I love this story.
From Hiut Denim Co.’s website:
Cardigan is a small town of 4,000 good people. 400 of them used to make jeans. They made 35,000 pairs a week. For three decades.
Then one day the factory closed. It left town. But all that skill and knowhow remained. Without any way of showing the world what they could do.
That’s why we have started The Hiut Denim Company. To bring manufacturing back home. To use all that skill on our doorstep. And to breathe new life into our town.
As one of the Grand Masters said to me when I was interviewing: “This is what I know how to do. This is what I do best.” I just sat there thinking I have to make this work.
So yes, our town is going to make jeans again.
Ideas are great. A lot of times that big startup idea might just be in your head. You feel that your idea will change everything. It could be the next big thing out there. The temptation is to hold on to the idea and not tell it to everyone because then they might go and execute it. It’s your idea and you hold on to it tightly.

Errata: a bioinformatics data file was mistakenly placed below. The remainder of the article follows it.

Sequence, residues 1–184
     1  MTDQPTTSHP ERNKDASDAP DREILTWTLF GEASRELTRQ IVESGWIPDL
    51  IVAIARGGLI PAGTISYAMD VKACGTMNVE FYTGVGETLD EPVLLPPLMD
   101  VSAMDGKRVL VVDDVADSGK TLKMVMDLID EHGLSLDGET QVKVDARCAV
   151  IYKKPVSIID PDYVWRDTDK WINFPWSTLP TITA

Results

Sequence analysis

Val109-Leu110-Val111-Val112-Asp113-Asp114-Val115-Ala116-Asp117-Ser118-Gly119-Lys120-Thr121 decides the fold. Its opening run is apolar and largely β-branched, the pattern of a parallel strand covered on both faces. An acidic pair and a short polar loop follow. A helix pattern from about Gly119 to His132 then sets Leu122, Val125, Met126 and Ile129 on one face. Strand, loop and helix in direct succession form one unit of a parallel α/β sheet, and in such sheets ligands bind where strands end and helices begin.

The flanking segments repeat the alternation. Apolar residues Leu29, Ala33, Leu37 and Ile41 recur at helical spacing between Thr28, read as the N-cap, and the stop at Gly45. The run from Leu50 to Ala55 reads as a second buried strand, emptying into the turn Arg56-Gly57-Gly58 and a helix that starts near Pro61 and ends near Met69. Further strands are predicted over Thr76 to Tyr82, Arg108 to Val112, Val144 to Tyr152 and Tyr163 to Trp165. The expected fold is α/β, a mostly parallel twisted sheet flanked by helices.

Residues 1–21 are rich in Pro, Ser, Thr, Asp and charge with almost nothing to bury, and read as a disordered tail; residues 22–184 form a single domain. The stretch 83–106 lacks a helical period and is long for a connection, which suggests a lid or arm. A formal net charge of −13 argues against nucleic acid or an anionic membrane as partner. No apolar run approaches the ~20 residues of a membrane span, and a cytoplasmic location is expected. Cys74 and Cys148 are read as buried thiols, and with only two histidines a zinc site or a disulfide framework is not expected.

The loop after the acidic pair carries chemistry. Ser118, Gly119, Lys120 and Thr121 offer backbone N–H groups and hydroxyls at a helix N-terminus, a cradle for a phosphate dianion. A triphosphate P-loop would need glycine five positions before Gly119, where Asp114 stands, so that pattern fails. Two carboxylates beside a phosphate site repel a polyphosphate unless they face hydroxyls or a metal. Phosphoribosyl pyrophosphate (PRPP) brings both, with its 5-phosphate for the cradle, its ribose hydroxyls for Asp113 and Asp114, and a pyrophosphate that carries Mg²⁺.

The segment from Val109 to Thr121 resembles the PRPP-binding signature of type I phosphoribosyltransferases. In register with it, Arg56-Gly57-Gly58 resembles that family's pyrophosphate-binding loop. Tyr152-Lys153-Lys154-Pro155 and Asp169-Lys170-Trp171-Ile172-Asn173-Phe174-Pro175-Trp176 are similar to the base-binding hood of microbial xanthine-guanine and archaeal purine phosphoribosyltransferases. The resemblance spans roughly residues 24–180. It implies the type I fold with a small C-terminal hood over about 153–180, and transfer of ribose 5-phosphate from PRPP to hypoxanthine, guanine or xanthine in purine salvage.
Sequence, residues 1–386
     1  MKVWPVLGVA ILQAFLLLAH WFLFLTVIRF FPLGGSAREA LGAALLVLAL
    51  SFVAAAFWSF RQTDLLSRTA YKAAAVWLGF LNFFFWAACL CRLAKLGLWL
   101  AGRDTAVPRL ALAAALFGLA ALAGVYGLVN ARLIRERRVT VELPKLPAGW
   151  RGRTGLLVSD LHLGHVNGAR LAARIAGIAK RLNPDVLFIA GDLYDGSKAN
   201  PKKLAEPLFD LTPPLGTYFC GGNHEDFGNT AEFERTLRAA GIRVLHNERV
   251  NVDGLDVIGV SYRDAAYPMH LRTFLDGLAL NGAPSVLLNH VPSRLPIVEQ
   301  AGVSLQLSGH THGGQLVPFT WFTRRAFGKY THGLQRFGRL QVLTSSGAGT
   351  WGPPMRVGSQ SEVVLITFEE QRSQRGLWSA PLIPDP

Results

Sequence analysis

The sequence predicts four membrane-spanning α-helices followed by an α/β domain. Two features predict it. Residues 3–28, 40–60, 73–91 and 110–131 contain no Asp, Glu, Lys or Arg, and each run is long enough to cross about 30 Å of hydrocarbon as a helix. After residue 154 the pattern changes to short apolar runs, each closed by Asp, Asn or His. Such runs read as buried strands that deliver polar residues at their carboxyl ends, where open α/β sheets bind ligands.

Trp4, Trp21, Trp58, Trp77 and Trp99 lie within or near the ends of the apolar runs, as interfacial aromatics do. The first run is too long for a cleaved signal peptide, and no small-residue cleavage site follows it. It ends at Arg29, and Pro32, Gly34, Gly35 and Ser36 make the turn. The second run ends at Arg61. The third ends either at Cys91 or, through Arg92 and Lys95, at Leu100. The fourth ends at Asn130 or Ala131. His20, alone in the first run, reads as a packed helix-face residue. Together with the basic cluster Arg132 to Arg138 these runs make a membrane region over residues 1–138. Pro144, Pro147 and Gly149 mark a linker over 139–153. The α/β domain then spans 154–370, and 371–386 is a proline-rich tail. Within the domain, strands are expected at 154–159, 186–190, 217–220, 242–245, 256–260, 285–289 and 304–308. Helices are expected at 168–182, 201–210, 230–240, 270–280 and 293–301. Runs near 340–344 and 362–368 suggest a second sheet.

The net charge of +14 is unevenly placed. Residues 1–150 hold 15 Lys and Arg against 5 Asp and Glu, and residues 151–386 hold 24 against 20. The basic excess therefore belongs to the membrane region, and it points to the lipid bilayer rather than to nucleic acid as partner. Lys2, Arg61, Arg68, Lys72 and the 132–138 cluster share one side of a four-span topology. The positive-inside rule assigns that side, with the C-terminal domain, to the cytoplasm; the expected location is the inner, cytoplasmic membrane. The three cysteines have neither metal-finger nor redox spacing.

I was in a similar situation many years ago and had one of those “ideas.” I debated within myself whether sharing that idea in a startup competition would be good or bad. After a while, I decided that the benefits of sharing the idea and “get it tested” was far more important than just holding on to it.
When I shared my idea at the startup competition, many people got excited about it. It gave me confidence that the idea itself was good. However, there were so many things to consider for the idea to be executed properly. I would not have been able to see the idea from different angles had I not shared it at the competition. Also we won 2nd place in that first ever Startup Weekend Competition 2013 in Kathmandu, Nepal.